All this is great distraction from my discomfort with my mucus problem that no one can figure out. I am still spending most of the day trying to get cleared out And it is quite mundane to do the cough assist, suction, cough assist, suction, cough assist, suction, then deep suction, the cough assist routine again. But as Stephen Hawking said, “Remember to look up at the stars and not down at your feet.” I will watch basketball stars and wish to the stars for a cure for my mucus problem, and a cure for ALS.
This was written by my friend Shelly Hoover:
What is it about the month of January that is depressing? So many of my friends with ALS wrote about depression last month. There was even a widely shared post about the choice of death or divorce – a man in the United States who decided to get a tracheotomy rather than dying and his wife divorced him after that because of the burden of care.
I have had my own pity party because of the post nasal drip and drooling and mucous that are still plaguing me. My neurologist at UCSF said it is not an ALS problem. She has not seen it before. I went to an ENT in Reno and a CT scan of my sinuses was clear. But now I have an expitided referral to the UCSF ENT department (we will see how they define expedited). The next step after, if needed, will be my Gastroenterologist and the earliest appointment I could get is April 4.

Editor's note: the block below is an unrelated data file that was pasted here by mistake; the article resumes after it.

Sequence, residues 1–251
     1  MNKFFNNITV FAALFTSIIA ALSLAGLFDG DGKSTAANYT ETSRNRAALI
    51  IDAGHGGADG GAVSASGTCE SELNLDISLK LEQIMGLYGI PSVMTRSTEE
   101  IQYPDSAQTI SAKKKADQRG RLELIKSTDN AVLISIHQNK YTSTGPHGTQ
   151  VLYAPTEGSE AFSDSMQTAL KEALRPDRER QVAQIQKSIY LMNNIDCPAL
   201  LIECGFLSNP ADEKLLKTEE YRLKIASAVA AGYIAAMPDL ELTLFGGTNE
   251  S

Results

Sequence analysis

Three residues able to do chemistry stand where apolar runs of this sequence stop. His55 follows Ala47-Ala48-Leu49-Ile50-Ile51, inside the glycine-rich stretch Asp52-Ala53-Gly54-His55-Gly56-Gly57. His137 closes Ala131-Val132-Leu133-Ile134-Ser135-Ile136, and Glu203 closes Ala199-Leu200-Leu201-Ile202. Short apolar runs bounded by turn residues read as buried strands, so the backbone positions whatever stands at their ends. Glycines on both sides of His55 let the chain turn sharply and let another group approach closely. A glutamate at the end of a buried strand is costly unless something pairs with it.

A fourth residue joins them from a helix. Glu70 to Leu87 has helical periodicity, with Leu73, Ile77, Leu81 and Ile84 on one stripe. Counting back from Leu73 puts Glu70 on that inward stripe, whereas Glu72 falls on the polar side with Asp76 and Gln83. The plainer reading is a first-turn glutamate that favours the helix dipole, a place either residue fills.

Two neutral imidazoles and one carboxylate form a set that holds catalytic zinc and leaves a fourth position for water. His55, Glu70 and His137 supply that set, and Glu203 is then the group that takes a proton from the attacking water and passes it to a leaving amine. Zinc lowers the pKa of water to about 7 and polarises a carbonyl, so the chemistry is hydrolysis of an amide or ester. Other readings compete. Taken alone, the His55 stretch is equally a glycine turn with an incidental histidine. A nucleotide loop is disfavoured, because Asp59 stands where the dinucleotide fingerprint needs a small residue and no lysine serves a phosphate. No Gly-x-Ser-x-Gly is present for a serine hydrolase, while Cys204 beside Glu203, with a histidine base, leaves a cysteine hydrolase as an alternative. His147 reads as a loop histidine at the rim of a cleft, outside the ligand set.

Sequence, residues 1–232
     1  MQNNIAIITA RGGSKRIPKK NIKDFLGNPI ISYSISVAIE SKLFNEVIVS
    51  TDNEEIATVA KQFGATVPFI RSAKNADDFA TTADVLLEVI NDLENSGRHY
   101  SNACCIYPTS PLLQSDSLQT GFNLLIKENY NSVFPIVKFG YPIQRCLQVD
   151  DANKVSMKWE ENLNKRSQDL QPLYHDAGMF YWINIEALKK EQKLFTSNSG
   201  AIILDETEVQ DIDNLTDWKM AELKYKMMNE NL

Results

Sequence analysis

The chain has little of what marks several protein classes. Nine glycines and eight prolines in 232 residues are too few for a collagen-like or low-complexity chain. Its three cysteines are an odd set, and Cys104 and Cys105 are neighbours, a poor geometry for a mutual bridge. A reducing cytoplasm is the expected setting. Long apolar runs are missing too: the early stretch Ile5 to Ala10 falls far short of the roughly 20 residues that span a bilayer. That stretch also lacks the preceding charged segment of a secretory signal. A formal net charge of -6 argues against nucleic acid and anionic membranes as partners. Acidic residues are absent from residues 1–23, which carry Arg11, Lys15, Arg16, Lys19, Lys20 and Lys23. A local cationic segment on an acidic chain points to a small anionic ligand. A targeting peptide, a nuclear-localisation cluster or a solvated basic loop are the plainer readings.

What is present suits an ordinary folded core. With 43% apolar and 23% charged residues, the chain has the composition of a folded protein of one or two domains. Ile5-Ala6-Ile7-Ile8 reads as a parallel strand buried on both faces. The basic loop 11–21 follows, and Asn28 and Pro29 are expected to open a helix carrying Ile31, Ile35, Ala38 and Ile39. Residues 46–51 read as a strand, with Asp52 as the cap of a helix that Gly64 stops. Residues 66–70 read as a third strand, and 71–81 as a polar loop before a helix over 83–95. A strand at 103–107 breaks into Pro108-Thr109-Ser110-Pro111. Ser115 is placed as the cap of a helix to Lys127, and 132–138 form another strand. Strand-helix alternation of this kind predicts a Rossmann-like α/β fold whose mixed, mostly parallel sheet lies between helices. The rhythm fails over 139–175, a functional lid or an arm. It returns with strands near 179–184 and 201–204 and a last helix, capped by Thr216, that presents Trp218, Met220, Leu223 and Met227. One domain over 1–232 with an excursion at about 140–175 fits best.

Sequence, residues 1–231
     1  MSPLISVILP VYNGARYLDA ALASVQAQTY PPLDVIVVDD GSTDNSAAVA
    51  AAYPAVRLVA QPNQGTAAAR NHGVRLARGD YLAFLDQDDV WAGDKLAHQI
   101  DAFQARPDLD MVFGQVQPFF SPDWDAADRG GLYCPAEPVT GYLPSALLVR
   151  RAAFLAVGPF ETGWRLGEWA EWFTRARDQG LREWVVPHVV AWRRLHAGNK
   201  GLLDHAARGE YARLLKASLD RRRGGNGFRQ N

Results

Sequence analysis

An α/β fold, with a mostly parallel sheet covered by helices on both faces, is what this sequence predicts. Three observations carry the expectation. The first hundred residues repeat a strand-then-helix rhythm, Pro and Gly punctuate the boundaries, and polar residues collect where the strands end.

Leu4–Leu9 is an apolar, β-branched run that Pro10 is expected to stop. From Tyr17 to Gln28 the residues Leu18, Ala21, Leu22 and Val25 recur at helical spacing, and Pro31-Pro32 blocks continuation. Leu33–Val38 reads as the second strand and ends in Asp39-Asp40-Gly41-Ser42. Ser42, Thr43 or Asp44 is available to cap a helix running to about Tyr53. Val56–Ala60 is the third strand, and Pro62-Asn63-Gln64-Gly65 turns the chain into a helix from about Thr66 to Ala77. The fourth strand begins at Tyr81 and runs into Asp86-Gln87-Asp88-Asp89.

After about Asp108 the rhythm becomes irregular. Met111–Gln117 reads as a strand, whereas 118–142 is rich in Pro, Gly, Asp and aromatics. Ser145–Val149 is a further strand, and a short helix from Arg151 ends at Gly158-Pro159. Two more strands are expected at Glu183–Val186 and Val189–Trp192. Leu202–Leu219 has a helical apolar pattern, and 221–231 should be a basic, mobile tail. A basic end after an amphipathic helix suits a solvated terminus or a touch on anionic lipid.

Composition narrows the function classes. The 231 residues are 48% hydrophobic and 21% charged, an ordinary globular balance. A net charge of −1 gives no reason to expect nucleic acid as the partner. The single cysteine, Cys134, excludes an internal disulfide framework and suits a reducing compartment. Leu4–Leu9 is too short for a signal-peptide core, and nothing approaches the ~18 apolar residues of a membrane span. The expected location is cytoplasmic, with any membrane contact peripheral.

Let me tell you what this has evolved to – I get bad sinus headaches to the point of bad eye pressure and sometimes even ear aches. I have found that using Mucinex every 4 hours followed by cough assist and suction sometime in between can usually keep things moving. I also try to stay upright – standing or sitting to facilitate gravity assisted movement through esophagus. It takes a lot of time to manage and makes it hard to have plans away from home. But if this is my very own ALS journey (and it obviously is) I will have to readjust my expectations and figure out how to be happy with this.